The Dartmouth Murders
The parents of Jim and Rob still live in Chelsea and are apparently getting on with their lives. According to a Union Leader article by Kathryn Marchocki, "Parker's father, John, remains active in town affairs, coaches the high school basketball team and chairs the local recreation committee, residents said. Tulloch's father, Michael, continues his chair-making business, and his mother, Diane, still works as a nurse."
However, the slayings left scars. Dartmouth history professor and Zantop friend Annelise Orleck told Marchocki, "We still miss them all the time" and that there are "unbidden ways the memories come back [around the anniversary of the murders] sometimes very traumatically."
The Zantop killers are both in the New Hampshire State Prison in Concord as of this writing but are held in different parts of it and allowed no contact with each other.
Jim is classified as a Custody Level 3 inmate. These are prisoners in general population. They can spend most of the day outside their cells except for mandatory head counts. To allow them that freedom of movement, their cell doors are unlocked for most of the day and then locked after 11:00 p.m. They are permitted to participate in outdoor recreation, weight room and arts and crafts. Visitors may see them regularly in the visiting room.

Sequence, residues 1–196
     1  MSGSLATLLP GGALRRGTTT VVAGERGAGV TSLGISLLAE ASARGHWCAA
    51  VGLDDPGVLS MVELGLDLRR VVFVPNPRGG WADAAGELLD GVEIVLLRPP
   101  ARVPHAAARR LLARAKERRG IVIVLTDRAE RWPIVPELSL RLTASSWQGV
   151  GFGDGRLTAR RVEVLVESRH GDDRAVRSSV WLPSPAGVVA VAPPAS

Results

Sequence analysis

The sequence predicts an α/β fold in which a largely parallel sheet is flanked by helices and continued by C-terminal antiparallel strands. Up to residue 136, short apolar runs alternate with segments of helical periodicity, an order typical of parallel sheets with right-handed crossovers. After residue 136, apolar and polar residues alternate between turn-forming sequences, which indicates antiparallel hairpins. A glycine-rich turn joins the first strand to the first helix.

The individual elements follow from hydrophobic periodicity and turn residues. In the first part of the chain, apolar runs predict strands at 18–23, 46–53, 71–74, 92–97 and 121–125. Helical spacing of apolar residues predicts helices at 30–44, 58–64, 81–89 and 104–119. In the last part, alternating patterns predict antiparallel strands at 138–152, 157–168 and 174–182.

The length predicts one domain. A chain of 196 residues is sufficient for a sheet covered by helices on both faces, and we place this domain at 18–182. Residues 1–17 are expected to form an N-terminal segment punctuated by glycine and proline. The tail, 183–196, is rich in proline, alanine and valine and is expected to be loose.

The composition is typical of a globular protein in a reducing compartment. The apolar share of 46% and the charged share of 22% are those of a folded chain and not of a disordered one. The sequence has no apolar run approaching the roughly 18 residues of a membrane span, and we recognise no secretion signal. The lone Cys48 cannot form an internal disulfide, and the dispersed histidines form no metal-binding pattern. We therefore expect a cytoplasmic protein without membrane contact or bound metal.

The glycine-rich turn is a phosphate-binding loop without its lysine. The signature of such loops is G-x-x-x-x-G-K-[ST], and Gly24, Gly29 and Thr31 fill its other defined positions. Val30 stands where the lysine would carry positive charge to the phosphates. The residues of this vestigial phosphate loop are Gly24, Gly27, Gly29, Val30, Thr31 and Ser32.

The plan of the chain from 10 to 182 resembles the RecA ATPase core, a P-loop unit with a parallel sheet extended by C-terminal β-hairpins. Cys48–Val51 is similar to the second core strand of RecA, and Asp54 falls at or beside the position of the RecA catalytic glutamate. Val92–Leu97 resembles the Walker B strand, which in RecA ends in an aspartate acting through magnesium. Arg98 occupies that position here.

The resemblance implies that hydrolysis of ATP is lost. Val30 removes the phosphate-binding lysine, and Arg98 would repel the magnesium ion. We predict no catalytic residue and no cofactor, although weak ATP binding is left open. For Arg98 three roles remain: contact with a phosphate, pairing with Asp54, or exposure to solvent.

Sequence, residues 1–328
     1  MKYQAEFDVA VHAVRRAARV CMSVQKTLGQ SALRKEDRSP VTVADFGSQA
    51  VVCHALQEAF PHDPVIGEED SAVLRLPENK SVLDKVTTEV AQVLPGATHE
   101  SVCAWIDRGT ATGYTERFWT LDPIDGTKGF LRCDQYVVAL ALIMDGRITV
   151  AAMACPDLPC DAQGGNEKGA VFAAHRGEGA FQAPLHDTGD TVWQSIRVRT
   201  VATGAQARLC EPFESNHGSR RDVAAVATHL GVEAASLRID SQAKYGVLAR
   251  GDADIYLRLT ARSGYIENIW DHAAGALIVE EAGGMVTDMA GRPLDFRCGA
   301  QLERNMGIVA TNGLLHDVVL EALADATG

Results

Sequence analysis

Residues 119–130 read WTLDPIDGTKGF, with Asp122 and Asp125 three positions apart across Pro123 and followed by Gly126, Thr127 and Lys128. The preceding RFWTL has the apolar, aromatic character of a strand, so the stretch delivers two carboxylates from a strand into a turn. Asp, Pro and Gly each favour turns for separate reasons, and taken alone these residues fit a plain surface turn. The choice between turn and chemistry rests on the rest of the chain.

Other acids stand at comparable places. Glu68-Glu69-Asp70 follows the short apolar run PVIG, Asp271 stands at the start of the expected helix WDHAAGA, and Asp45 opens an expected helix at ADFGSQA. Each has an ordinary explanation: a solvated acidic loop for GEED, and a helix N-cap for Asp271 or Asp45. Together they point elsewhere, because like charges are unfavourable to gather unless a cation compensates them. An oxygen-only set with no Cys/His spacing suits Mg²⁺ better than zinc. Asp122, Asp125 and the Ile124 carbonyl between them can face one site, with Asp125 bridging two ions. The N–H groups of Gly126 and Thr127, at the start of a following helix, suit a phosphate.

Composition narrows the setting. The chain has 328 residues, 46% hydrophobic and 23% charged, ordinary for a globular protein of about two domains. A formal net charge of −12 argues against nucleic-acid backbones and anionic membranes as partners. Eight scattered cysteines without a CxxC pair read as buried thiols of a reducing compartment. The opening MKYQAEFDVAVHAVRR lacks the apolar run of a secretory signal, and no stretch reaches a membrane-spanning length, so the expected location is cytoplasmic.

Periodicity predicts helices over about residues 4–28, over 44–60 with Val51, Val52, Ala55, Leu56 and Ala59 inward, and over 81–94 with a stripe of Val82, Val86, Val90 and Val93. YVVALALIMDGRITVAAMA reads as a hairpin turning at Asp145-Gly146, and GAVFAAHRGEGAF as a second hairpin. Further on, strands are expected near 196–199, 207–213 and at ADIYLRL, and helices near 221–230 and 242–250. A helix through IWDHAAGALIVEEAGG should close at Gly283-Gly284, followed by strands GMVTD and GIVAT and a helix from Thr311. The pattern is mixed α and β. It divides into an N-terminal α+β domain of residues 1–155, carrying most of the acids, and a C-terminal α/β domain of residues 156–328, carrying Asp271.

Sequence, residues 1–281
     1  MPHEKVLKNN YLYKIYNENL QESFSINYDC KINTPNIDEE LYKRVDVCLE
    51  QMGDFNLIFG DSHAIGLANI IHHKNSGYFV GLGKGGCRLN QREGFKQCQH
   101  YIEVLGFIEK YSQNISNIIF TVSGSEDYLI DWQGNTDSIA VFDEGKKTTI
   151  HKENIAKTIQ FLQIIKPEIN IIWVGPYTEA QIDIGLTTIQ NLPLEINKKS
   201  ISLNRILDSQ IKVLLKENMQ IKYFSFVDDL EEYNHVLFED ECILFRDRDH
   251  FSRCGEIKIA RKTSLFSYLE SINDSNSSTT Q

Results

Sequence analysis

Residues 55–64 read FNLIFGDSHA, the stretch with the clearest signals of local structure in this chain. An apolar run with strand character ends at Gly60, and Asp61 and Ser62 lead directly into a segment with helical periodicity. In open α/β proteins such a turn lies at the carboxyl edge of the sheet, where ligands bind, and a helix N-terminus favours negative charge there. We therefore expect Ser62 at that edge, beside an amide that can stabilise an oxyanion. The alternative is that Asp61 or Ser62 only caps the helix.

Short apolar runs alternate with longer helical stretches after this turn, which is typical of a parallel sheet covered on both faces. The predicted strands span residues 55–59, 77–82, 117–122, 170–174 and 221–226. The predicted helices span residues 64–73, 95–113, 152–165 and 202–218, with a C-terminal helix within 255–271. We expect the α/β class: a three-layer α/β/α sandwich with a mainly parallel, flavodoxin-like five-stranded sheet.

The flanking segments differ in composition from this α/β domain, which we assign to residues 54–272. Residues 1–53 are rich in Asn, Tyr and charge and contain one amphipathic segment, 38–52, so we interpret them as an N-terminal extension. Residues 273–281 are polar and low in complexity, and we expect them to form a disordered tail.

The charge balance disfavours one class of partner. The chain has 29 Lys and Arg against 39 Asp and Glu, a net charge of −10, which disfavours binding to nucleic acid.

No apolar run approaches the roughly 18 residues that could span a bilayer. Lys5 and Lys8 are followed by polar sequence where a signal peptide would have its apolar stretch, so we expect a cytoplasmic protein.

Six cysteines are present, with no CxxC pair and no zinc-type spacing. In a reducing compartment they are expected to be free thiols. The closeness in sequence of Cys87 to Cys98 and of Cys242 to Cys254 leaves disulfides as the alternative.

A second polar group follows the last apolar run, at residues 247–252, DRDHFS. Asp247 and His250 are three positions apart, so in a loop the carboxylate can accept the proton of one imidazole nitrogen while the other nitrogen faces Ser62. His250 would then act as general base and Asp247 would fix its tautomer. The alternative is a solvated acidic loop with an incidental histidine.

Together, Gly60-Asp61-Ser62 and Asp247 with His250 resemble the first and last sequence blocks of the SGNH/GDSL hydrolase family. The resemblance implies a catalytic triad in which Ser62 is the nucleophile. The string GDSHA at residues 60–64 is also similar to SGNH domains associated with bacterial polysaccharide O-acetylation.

Marchocki reported that Corrections Department spokesperson Jeff Lyons has said that Jim "has shown no behavior problems" and "recently played a role in an inmate theatrical production, plays in the prison band and gets regular visits from friends and family."
Rob was held at a prison in Berlin, New Hampshire, a medium security institution, before being transferred to Concord. While there, a convicted marijuana dealer named Thomas Dougherty attacked Rob, leaving him with two black eyes. In the Union Leader, Kathryn Marchocki quoted Dougherty, "He deserved the death penalty."
When Rob was first put into Concord, he was placed in the Secure Housing Unit, the tightest level of security. Inmates are locked alone in their cells 23 hours per day.
Eventually he was transferred to Custody Level 4, at which he is confined as of this writing. Inmates at that level are locked in their cells 21 hours per day. The three hours allowed outside their cells are in restricted circumstances. They may go to prison-required treatment programs, chapel, dining hall and medical appointments. They may receive visitors in the visiting room but their times are separate from those of the general population. They can only receive scheduled visits Tuesday nights and Saturday mornings, when no other inmates are allowed in the room. Custody Level 4 prisoners wear orange uniforms so they are easily distinguished from those in general population.
The presidential hopeful and would-be world traveler must live every day of the rest of his life, and then die, within the squalid gray monotony of prison.